my quote of the moment: "if you can attain repose and calm, believe that you have seized happiness." ~julie-jeanne-eleonore de lespinasse

January 9, 2012

how much help is too much?

bumble is only in second grade, but he recently had to do a report on a famous american. now, he didn't have to write pages of a report, he just had to come up with 10 important facts and then do a speech about it with a visual aid. he's getting graded on facts, neatness, and being able to read loudly and clearly, among other things.

he was assigned thomas edison, which i think was a great person for him to have to study. thomas edison is all about genius being hard work and stick-to-it-iveness, which are all things that bumble really needs help with.

he has always struggled in school with various things. we held him back from starting kindergarten because he was lacking some of the social skills of other kids his age. now, he's slowly catching up socially, with much help from his guidance counsellor, but he still lacks some of the acedemic skills. he went through a special program in kindergarten to help with reading and phonics. now he works with a speech therapist and an occupational therapist (to help with his writing and fine motor skills) and a special reading teacher.

one thing all of people he works with have said, from his regular teachers to his "special helpers," is that he is a joy to work with. he always tries to hard, and he loves to learn new things. his difficulty has always been that he doesn't pick up new skills as quickly as other kids. school will always been something he has to work hard at, and i really hope that he doesn't lose his love of learning.

all of this brings me back to the report he had to do. the paper the teacher sent home explaining the  project specifically said that the kids were supposed to put the facts in their own words. they were supposed to complete it mostly by themselves, with minimal help from parents.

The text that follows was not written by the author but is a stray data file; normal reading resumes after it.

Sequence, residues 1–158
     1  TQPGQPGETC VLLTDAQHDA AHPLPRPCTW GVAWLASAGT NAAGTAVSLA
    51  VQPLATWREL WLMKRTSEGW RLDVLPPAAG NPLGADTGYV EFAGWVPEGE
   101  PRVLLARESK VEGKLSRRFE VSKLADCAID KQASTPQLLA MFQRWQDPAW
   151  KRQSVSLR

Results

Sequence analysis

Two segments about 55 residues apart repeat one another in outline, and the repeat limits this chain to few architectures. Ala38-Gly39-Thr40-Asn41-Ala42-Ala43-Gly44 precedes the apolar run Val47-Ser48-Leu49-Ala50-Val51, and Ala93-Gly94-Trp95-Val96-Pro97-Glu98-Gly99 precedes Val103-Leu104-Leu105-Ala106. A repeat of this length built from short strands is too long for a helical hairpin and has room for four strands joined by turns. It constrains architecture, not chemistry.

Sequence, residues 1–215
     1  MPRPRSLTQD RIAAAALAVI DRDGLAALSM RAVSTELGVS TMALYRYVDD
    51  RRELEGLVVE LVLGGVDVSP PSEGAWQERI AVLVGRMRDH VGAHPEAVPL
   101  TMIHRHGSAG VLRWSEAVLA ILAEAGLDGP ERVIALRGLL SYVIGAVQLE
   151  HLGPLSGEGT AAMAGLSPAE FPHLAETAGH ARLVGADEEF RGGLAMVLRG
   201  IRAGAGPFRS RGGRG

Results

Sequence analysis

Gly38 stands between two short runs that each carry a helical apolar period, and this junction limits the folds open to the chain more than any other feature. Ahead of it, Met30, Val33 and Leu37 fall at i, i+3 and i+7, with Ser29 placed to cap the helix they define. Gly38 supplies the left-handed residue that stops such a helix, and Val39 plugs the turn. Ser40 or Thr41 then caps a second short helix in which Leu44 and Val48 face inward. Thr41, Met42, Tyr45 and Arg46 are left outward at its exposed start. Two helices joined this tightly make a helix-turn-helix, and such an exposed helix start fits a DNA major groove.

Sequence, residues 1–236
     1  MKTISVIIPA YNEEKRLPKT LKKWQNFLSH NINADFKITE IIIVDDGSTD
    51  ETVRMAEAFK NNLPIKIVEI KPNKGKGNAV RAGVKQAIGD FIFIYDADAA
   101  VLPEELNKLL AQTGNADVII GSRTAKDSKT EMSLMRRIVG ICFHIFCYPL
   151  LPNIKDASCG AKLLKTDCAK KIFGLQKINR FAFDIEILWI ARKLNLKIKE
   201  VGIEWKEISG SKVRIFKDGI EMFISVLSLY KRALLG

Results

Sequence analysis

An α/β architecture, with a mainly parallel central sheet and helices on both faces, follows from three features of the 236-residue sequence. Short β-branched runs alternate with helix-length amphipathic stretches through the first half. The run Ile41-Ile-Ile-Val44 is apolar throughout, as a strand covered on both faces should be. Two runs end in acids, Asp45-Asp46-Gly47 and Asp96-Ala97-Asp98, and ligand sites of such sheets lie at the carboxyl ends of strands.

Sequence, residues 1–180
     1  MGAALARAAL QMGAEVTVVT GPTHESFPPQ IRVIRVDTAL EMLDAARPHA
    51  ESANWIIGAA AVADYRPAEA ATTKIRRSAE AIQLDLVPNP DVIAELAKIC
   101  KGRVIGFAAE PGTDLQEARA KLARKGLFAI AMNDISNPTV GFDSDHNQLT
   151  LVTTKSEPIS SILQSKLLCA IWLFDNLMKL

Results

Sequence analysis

i have to admit, i did most of the research. i found and printed out a bunch of websites worth of facts, and then i read them over to bumble. if i hadn't, if i had made him read the information himself, he never would have finished. i did work with him to understand the information, and to pick out what he thought were the most important facts. then i made him write all of the facts out as sentences in his own words, though i had to help a lot with grammar and spelling and the direction of a 'b' versus a 'd'. for his visual aid, we made a poster of important inventions. as in, i drew everything in pencil and i let him trace it with a sharpie.

after all of that, i just made him practice over and over again. he got tired of reading over all of his facts constantly, but electricity and kinetoscope and phonograph are very difficult words for him to pronounce properly.

and now i sit here worrying how he did. i helped him as much as i thought i should, though i know i could have done more. i kept thinking how he lacks skills that his classmates possess, and he really needed the extra help. still, i think that maybe i helped him too much, that i should have made him try to do more himself, so when he does well, he really he gets a better sense of accomplishment.

i know, as he goes further in his scholastic career, i'll face these tough choices more often. and eventually i have an awful feeling that i'll have to explain to him why it's not a big deal when his younger brother passes him in abilities.

i love my bumble, just like i love all my children. but with him it's different. he's so sweet and innocent, i so want the best for him. i want him succeed and accomplish everything he sets out to do. but mostly i don't want him to be frustrated by failure or overwhelmed by neigh-sayers. i want to protect him but i want to watch him grow and thrive.

being a mommy is tough sometimes.


  1. Dont you worry about that Papabear is right there with ya

    1. i know, i'm very lucky to have such great hubby-support